I can still remember walking through the magical winter wonderland inside Macy's that November. If I close my eyes, I can picture the holiday crowds jamming the sidewalks below as I stood on the stairs to St. Patrick's. I remember the elaborate window displays along 5th Avenue and I also remember my disappointment at seeing Rockefeller Center complete with an unadorned Christmas tree.
One thing I had always wanted to see was the tree alight in Rockefeller Center. I was certain that the tree would be lit immediately following Thanksgiving and because I was staying for a few days, I was hopeful that I would get to see it before heading back to Boston.
I soon learned that the tree is never lit until December and always first on a weeknight. So this year I took advantage of the fact that I live here and Matt and I went to the actual tree lighting ceremony.
We arrived at Rock Center a little before 5 pm, which turned out to be perfect timing. Shortly after they closed off the street and then we began to wait. The lighting itself wasn't scheduled until 9 pm, so we spent the next few hours getting pushed around by people trying to score a better view and letting out those who decided the wait wasn't worth it and wanted to bail.
Around 7 pm, the pre-televised entertainment started and soon Christmas songs sung by Miley Cyrus, Harry Connick Jr., Faith Hill and Beyonce could be heard. At 8 pm, the show got underway for the nationwide audience and everyone started to get antsy. The wind picked up and no one could feel their feet anymore. We just wanted to see the tree!!
After what seemed like an eternity, the moment we had all waited for arrived. The countdown began and the tree was lit!
It was long, cold and crowded, but definitely something I had to experience as a New Yorker. I can now cross another thing off my list and I think I am going to have to visit the tree at least once a week between now and Christmas :)
Monday, November 24, 2008
I am trying really hard to jump into a life here. I have contacted everyone I even remotely know in the city and have been looking for activities to keep myself busy, but it's been really hard leaving behind all that I had in Boston.
I know I will be fine in time but I am having a particularly hard time reminding myself of that today.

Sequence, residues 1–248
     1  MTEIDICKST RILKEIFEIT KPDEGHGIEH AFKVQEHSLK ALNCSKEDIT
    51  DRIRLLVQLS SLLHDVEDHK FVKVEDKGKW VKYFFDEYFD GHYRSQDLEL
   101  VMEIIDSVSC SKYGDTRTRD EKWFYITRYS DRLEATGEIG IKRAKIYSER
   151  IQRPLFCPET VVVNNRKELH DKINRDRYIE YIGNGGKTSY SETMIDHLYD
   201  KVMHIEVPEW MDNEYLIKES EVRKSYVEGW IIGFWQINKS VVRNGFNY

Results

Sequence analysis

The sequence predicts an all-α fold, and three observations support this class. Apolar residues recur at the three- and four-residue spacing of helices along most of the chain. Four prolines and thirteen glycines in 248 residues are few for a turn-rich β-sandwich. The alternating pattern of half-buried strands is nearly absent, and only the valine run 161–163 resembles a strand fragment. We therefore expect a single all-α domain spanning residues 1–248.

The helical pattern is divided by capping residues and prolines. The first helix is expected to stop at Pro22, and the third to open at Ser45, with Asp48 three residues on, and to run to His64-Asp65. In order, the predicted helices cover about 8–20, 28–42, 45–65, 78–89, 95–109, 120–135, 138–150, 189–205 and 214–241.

Sunday, November 16, 2008
There is an energy about this city that you can never escape. I feel it walking down the streets, riding the Subway, and even in bed at night as I am trying to fall asleep. There is never a quiet moment and I always feel as if there is something big happening around me.
I have moments in which something will cause me to flashback to my days spent living in London. And sometimes I find myself wandering around the city feeling all out of sorts.
The city doesn't feel like home yet and it hasn't been long so I don't really expect it to, but I also wonder how long it will take. It's such a big city and so different from anything else that I have previously considered as home - even living in London. I wish I had the words to describe it more effectively, but they escape me so I will leave you with a few pictures in the meantime.
My apartment building
Gramercy Park - We have a sweet view of the Chrysler building from my corner!
Thursday, November 6, 2008
Sunday, November 2, 2008
From the very moment I got my first glimpse of London the city captured my heart. Whenever I am there I get this feeling that is so hard for me to put into words and probably can't be understood by very many. I feel like I belong there. I always felt like I was free to be anything I wanted to be and would still be loved and accepted. I knew I could be completely and totally happy living in London for the rest of my life and nothing would be lacking if I could get my friends and family to come with me.
The feelings I had for London were everything I thought love was supposed to be. I loved that city so much that the trials and tribulations of living in the city were invisible to me.